Many people seem to have the notion that since SNAP benefits cost tax money– about $36 in taxes per middle-income household per year– SNAP sucks money out of the economy and makes people poor. But that’s not the case.SNAP benefits pay for about 10% of the country’s groceries overall. That’s one-tenth of grocery stores’ income from food sales, nationwide. An EBT card is, essentially, a debit card you can only use for food– and not restaurant food or fast food either, but cold foods at participating grocery stores. Depending on where you live, you might not be able to buy a hot rotisserie chicken at the deli counter at Kroger with an EBT card, but you may be allowed to buy a cold day-old one from the fridge. You can buy bag of coffee grounds or a glass bottle of Starbucks cold brew from the coffee aisle, but not a fresh coffee from the Starbucks counter at the same store. And not every store that sells food takes SNAP, of course, so you can spend your EBT card on a ready-made birthday cake from a case in the bakery section at Wal Mart but not on ordering a cake from somewhere else. In most states you can’t buy groceries cheap in bulk on Amazon or something like that either; only in person at the local store. That’s another safeguard, making it hard to commit fraud on SNAP. There’s not much you can buy with it that’s frivolous or exciting or even too convenient, and the money for the most part stays in the state it’s given in.
If I go to my local grocery store and I fill the cart fifty dollars worth of rutabagas and fifty dollars worth of toilet articles, then scan my EBT card at the checkout, that card will only pay for the rutabagas. I’ll have to scan my debit card or pay cash for the remaining fifty bucks. But what the grocery store receives from my whole purchase put together, is one hundred dollars in cash. They spend the money from my EBT card the same way they do for any other purchase. They use it to pay their employees, to pay the rent on their building, and to order more rutabagas.
If a large number of people in one area are suddenly taken off of SNAP benefits, that isn’t going to somehow enable them to get a job when they couldn’t in the first place. It’s just going to give them less money to buy groceries. The grocery store is not going to get the average of $127 a month that each of those people had from EBT before. It’s going to have that much less to pay employees– meaning it might have to lay some off. It’s going to have that much less a month to pay rent on the building– meaning it might move out of the building. It’s going to have that much less money to order rutabagas– meaning the variety and quality of groceries it sells is going to change.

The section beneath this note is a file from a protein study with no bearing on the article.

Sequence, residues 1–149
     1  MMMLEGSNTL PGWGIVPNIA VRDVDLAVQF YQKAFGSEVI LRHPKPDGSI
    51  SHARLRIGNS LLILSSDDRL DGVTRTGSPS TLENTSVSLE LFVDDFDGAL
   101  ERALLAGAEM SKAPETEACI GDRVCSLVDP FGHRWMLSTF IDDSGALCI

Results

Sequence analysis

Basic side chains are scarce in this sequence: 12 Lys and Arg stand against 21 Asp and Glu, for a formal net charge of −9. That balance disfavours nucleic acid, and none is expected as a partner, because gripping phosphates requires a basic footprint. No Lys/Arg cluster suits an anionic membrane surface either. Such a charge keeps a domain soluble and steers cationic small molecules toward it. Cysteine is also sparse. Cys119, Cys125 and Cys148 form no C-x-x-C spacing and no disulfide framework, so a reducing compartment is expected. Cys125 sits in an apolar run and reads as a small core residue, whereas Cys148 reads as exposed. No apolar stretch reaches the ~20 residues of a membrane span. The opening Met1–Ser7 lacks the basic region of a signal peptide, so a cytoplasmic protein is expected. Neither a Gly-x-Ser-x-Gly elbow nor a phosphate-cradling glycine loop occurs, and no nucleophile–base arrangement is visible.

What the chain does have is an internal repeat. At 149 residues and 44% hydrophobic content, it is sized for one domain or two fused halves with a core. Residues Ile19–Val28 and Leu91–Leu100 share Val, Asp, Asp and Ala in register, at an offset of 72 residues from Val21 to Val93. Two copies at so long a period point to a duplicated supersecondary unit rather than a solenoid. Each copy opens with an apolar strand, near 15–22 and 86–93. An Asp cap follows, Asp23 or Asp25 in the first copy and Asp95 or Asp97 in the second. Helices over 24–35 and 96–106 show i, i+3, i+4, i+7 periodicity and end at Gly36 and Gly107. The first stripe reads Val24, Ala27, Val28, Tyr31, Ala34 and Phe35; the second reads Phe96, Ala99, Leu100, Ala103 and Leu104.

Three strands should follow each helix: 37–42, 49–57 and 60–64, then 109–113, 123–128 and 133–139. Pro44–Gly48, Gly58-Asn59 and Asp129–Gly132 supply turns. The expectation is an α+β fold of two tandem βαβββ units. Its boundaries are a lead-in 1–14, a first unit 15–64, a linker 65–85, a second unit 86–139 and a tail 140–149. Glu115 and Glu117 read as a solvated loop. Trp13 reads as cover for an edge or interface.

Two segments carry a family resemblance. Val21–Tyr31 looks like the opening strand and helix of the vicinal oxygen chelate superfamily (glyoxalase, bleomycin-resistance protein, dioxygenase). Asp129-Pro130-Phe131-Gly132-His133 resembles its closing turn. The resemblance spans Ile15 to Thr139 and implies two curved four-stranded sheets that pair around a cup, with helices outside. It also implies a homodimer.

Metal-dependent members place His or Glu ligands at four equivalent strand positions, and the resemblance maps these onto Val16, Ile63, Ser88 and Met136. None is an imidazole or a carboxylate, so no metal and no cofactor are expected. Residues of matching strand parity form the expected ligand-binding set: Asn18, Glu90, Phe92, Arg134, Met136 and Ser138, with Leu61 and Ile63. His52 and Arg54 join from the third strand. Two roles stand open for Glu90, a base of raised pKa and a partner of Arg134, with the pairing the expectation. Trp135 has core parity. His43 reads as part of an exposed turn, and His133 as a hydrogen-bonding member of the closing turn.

If enough people who shopped at that store find themselves without grocery money, the store is going to close or move to a more prosperous area, creating a food desert. And all the local people who did have jobs and had money to spend at the store are going to be, at minimum, inconvenienced. People who weren’t on SNAP in the first place but weren’t rich either and depended on walking, transit or a short car trip to grab a few groceries are going to have to juggle their schedules and budgets to get food, which will be difficult for them. They’ll need more gas money and they may have to get used to a different store’s prices. The employees of that grocery store are going to have their livelihoods turned upside down. And it’s not as if the government is making it easy to go on food assistance while they’re trying to find some other work.
And yes, it would be nice to think that private charities using donations from members of the community could just pick up the slack and help poor people afford groceries so we wouldn’t need EBT at all. The world would be a better place if they did that. But they’re not, and that’s not entirely their fault. Since Trump has become president, charitable giving by individual Americans suffered a huge drop. And no matter how much the stock market is booming, if small neighborhood economies are being hurt, local people are going to have even less extra cash to donate to the food pantry. It’s just going to get worse.
Yanking twenty thousand poor Ohioans and seven hundred thousand people across the country off of SNAP benefits might possibly hurt a few genuinely lazy people, if that’s what you would like to see happen. But what it will certainly do is hurt individuals who are sick or having a run of bad luck in finding employment. It will not save much money on the SNAP program, nothing that individual taxpayers will notice. But it will certainly wreak havoc on local economies, hurting everyone including people who work full time and people who don’t receive SNAP.
You ought to oppose this rule because it hurts people. Hurting people is wrong, even if those people happen to be lazy, and most of the people this rule is going to hurt aren’t. But if all you care about is money and a booming economy, that’s reason enough to oppose it as well.
(image via Pixabay)